Culture and Real Islam

One of the most common refrains one hears from Muslims about any bad traditions in Muslim societies is that it is a cultural fault and not a religious one. Never mind that those following such traditions (like honor killing, for example) do bring up religion, in addition to culture, to justify their actions. I have always been exasperated by people saying that this practice or that is not “real Islam.”

So Fareena Alam is refreshing (hat tip: Reformist Muslim).

For years, Muslims around me have said: “Islam must be separated from culture.” While this slogan has deep and well-meaning roots – such as the struggle to teach people that honour killing, often justified with religious excuses, is a cultural practice that is unequivocally abhorred in Islam – the clash between culture and religion is ultimately a false one. This idea of a “pure Islam, free of cultural baggage” is a false one. Religion manifests itself in the realities of life. Must we all neutralise ourselves – even the aspects that do not contravene Islam, to be accepted as “pious”? What is this “one Islam” or “one voice” people call for, and who decides what it says?

A mosque in China, with its bright red and gold interior and pagoda-like exterior blends beautifully into its surroundings as does the new mosque in Bradford, made of the same local stone as the buildings around it; they are completely different but both sacred places of worship for Muslims.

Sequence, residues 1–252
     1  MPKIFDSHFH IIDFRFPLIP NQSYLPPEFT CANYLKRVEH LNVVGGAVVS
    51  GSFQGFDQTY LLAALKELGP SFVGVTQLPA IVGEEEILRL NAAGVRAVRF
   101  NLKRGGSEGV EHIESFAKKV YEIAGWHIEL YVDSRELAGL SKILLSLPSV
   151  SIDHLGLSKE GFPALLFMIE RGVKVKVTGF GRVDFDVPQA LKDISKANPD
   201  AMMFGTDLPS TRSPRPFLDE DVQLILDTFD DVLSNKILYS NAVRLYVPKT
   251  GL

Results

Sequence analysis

“Like a crystal clear river, Islam and sacred law are pure but colourless, until they reflect the Chinese, African, and other bedrock over which they flow,” wrote Dr Umar Faruq Abdallah, of the Nawawi Foundation in Chicago, USA, in his paper, Islam and the Cultural Imperative.

While we should not blame all the faults among Muslims on their religion, the fact is that it is difficult (and sometimes impossible) to separate culture and religion. Sometimes cultural practices arise from religion and at other times secular practices in a culture acquire religious underpinnings. These things are complex and difficult to disentangle. As someone who thinks of religion in a sociological context, there is no such thing as “real Islam” or “pure Islam.” Islam is basically what is practiced by Muslims. This can and does vary depending on time, place and context.